Child Care and Development Block Grant (CCDBG): $5.9 billion, an increase of $50 million. Over the last three years funding for CCDBG has more than doubled, which has helped improve the safety and quality of child care programs, including increasing provider payment rates, and expand working families’ access to high-quality child care. Missouri receives over $106 million from the CCDBG annually.
Individuals with Disabilities Education Act (IDEA): $13.8 billion, an increase of $125 million, to support the educational needs of students with disabilities, which includes an increase of $7.5 million for preschool grants and an increase of $7.5 million for grants for infants and families. Missouri received approximately $262 million from these programs for this school year.
Title I Grants to Local Educational Agencies: $16.4 billion, an increase of $125 million, for grants to school districts to help all children meet challenging state academic standards. Missouri received approximately $260 million in Title I funding for this school year to support schools with a significant number or percentage of low-income students.
Impact Aid: $1.5 billion, an increase of $20 million. Missouri school districts receive approximately $28 million to help compensate for the presence of federal activities and land, including lost revenue.
STEM and Computer Science Education (CSE): $75 million, an increase of $10 million, in targeted STEM education funding, including specifically prioritizing CSE.
Career and Technical Education State Grants: $1.4 billion, an increase of $75 million. Missouri received approximately $25 million to support CTE programs across the state this school year.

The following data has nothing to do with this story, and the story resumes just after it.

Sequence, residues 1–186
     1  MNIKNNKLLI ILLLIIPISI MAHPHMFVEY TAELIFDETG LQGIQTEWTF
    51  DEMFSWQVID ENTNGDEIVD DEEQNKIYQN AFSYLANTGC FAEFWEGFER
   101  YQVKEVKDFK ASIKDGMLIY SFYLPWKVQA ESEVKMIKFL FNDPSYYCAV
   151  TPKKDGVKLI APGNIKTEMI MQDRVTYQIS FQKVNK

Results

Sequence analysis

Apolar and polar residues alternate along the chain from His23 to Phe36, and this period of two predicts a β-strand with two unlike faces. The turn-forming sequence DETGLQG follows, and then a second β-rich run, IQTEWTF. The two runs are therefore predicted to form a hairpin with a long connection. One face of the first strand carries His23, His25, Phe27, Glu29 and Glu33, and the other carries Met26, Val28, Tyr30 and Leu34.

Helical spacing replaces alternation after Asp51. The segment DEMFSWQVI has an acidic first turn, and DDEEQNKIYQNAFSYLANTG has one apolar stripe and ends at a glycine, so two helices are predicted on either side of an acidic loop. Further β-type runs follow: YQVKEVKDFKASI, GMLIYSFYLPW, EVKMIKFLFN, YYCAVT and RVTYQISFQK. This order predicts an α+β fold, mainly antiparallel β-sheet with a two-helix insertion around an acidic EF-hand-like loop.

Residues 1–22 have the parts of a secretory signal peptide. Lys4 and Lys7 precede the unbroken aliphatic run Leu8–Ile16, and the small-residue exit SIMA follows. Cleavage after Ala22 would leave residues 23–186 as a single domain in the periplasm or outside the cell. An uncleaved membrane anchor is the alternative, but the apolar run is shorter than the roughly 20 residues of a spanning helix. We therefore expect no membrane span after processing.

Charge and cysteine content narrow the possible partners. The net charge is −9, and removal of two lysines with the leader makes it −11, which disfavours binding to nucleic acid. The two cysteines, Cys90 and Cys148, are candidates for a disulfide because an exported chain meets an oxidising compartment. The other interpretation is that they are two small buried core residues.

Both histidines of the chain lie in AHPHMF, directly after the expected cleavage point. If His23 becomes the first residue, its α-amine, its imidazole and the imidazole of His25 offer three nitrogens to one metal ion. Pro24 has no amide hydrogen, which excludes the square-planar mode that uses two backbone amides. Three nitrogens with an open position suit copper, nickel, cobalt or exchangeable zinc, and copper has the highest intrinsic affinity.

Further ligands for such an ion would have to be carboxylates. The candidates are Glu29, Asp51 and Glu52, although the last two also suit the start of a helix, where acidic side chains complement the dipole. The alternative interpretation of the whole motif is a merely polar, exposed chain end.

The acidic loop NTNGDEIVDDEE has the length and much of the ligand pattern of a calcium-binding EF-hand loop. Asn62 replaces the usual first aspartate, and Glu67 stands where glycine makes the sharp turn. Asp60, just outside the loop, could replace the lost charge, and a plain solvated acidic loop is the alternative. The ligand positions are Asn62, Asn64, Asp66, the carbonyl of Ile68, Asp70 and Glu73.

Charter Schools Program: $450 million, an increase of $10 million, to help support the creation, replication, and expansion of high-quality charter schools.
Pell Grants: For the fourth year in a row, the bill increases the maximum Pell Grant award, an increase of $150, or 2.4%, for the 2021-22 school year, from $6,345 to $6,495. Approximately 90,000 students receive over $350 million in Pell Grant funding to attend Missouri colleges and universities. The bill continues support for year-round Pell Grants, which help students complete post-secondary education programs faster and enter or re-enter the workforce sooner. Blunt successfully led efforts to restore eligibility for year-round Pell Grants in the FY2017 omnibus appropriations bill.
Preparing America’s Workforce:
Career Pathways: $10 million for an initiative at the Department of Labor to improve career pathways for students that can lead to the full-range of post-secondary college and career options.
Rural Postsecondary Education and Economic Development Program: $10 million for a new initiative to improve postsecondary access and completion among rural students by providing services for students from middle school through college and promoting partnerships between school districts, institutions of higher education, and regional economic development organizations.
Apprenticeship Opportunities: $195 million, an increase of $20 million, for the Apprenticeship Program to expand flexible and effective workforce training opportunities. Within this amount, $10 million is for Industry Recognized Apprenticeship Programs (IRAPs). Apprenticeship Missouri is one of the nation’s first IRAP standards recognition entities, responsible for ensuring high-quality standards for apprenticeships expanding to new industries, such as health care and information technology.